Fibrous dysplasia is a rare bone disorder in which scar tissue develops in place of normal bone tissue, thereby weakening the bone. The most common bones affected by this disease are the skull and facial bones, thighbone, shinbone, pelvic bones, ribs, and upper arm bone. In most patients, only one bone is affected. Approximately 20 to 30 percent of cases are polyostotic, which means the fibrous dysplasia involves multiple bones.
Fibrous dysplasia is established early in life, and though it does not spread beyond the original scope of affected bones, it is irreversible. The polyostotic form usually becomes apparent before age 10, whereas detection of the monostotic form (only one bone is affected) depends upon which bone is affected.
Symptoms of fibrous dysplasia in the skull or facial bones may include head or facial deformities, along with pain and swelling.
The preferred treatment at UPMC for treating fibrous dysplasia in the skull is the Endoscopic Endonasal Approach (EEA). Although fibrous dysplasia is irreversible, the Endoscopic Endonasal Approach allows surgeons to remove scar tissue. This innovative technique involves using the nose and nasal cavities to reach fibrous dysplasias that were once considered inoperable or hard to reach. Using EEA offers the benefits of no incisions to heal, no disfigurement to the patient, and a shorter recovery time.
Your doctor will perform a physical exam and ask about any symptoms you are experiencing. These symptoms may include head or facial deformities, bone pain, and swelling.
Additionally, light brown birth marks (referred to as café-au-lait spots) may accompany fibrous dysplasia, along with endocrine dysfunctions such as premature puberty, hyperthyroidism and excessive production of growth hormone. These are signals of a condition called McCune-Albright syndrome, of which polyostotic fibrous dysplasia is one manifestation.
Images provided by x-rays, MRI, and/or CT scans can reveal the presence of abnormal tissue in bones and the extent to which bones are affected. A bone scan also may be ordered. In cases of polyostotic fibrous dysplasia, blood tests to assess endocrine function also may be required.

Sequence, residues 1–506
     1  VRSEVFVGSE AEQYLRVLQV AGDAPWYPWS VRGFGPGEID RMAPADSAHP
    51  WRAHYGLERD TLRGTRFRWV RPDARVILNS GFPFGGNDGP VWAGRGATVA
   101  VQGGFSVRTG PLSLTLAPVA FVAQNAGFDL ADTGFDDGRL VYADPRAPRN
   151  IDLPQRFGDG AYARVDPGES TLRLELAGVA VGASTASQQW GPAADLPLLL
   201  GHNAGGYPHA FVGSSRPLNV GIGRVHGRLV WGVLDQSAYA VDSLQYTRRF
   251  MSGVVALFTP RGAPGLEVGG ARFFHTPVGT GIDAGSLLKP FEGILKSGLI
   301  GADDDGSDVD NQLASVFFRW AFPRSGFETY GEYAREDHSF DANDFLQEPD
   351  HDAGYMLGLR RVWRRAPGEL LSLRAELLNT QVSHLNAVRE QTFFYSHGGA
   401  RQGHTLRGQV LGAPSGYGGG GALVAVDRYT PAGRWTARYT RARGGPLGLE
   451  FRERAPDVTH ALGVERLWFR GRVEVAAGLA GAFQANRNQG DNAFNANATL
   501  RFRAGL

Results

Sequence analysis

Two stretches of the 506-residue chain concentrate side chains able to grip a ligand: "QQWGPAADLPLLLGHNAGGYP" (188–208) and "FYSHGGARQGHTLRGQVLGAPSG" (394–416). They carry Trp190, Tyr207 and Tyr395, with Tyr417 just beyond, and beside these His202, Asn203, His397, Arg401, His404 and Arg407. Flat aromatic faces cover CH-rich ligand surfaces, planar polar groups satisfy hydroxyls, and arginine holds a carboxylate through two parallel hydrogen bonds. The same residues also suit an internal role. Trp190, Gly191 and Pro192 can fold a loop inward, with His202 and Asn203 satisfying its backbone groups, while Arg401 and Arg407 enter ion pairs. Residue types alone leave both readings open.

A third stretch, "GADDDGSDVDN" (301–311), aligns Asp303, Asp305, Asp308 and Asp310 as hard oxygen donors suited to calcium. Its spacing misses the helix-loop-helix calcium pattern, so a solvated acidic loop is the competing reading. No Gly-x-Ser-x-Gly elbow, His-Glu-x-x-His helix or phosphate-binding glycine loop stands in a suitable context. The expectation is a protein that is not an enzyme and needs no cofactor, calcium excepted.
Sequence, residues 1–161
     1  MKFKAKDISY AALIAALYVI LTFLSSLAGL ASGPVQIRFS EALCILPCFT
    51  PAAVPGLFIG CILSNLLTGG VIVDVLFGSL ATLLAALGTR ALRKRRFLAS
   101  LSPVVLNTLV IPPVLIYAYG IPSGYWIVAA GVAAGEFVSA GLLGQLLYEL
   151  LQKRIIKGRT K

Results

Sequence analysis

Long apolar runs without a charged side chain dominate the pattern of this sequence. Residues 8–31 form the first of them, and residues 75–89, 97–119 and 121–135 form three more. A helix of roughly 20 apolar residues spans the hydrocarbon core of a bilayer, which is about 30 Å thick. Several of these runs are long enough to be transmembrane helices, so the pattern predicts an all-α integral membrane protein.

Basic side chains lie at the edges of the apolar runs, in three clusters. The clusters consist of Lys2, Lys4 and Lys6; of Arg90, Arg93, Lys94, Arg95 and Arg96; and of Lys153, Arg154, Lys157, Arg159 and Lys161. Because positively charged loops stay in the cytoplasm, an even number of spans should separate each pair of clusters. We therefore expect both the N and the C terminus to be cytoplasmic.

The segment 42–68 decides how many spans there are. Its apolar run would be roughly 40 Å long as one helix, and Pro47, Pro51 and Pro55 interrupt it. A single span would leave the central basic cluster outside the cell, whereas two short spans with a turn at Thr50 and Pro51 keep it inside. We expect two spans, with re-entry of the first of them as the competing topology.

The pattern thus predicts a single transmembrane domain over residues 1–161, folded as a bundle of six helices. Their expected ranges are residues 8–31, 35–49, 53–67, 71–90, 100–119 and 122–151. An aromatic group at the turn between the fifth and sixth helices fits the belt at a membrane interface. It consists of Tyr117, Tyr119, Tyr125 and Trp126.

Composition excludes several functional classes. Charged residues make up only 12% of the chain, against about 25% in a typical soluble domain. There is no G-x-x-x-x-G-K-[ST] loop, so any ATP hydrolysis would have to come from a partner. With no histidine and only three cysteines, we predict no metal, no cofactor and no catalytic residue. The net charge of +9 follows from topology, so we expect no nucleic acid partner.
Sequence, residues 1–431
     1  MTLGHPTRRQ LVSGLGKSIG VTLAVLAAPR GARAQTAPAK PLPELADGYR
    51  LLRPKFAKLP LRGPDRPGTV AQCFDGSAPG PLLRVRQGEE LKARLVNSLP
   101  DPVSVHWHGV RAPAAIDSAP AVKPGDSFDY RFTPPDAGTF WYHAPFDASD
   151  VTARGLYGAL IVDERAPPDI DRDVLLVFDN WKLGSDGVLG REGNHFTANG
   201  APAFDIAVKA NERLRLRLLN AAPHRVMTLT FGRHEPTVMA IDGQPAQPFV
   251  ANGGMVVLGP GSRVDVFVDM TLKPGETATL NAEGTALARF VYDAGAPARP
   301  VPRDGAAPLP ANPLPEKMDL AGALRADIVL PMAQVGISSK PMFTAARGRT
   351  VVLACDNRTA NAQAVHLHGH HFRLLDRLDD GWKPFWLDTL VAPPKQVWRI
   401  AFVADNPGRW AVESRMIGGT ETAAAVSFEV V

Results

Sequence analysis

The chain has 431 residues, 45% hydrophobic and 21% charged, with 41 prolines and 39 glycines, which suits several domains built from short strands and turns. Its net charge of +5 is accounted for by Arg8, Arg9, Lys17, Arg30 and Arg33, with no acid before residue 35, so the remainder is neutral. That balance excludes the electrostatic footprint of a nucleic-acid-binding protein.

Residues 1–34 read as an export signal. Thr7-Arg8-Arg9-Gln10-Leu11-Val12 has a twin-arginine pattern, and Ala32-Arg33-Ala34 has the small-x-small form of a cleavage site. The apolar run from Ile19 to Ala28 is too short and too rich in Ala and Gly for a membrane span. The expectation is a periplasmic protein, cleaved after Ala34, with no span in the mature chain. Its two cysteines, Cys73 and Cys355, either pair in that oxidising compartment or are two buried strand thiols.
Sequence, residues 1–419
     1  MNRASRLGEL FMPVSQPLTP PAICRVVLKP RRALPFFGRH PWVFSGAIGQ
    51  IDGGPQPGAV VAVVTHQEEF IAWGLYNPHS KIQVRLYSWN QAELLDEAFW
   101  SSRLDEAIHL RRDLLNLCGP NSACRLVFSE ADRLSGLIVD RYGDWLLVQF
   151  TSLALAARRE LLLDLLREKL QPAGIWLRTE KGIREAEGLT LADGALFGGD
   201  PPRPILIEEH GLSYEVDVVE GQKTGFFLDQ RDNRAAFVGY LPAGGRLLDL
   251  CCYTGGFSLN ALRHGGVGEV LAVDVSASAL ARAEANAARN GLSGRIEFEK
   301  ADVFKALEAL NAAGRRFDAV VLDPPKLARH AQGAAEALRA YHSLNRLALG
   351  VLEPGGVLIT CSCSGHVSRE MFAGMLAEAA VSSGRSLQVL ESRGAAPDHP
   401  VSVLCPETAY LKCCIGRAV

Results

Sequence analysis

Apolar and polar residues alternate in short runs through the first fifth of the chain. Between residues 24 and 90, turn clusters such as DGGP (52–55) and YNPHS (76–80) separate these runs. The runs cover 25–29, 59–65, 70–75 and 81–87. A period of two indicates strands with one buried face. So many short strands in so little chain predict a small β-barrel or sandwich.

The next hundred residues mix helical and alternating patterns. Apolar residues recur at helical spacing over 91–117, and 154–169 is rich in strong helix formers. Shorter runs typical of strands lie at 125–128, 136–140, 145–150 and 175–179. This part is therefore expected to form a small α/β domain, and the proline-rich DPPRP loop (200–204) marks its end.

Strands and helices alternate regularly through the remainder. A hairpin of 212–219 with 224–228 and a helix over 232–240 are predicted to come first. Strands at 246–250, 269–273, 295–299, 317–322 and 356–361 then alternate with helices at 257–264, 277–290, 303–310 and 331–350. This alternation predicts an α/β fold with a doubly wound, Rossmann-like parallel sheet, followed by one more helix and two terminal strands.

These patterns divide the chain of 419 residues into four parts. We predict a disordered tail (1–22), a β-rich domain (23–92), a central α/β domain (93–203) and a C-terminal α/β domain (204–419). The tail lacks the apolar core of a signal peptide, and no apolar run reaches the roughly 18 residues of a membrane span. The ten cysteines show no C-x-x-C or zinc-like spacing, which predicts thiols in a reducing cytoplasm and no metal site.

Biopsy is used in cases where there is suspicion of cancer. In severe cases of fibrous dysplasia, the bone lesions can become malignant. However, this is a rare occurrence.
For more problematic cases involving chronic pain, fractures or deformity, surgery may be necessary. Surgical treatment for fibrous dysplasia involves removal of the affected bone, followed by a bone graft from another part of the body. Stabilizing agents such as metal plates, rods, and screws also may be inserted during surgery.
Fibrous dysplasia of the skull base may be approached directly by using the Endoscopic Endonasal Approach (EEA). This approach allows surgeons to see and access the area well without making incisions to the face or skull. The affected tissue is removed through the nose and nasal cavities, and recovery time is faster than with a traditional approach.
At UPMC, we take a 360° Approach to treatment when evaluating each patient—looking at their conditions from every direction—to find the path that is least disruptive to the patient's brain, critical nerves, and ability to return to normal functioning. Our neurosurgical team may recommend a combination of surgical and non-surgical approaches to maximize the benefits of surgery while minimizing risks.
To preserve sight, surgery for optic nerve decompression is needed in cases where the fibrous dysplasia has caused cranial nerve defects by deforming the optic canal.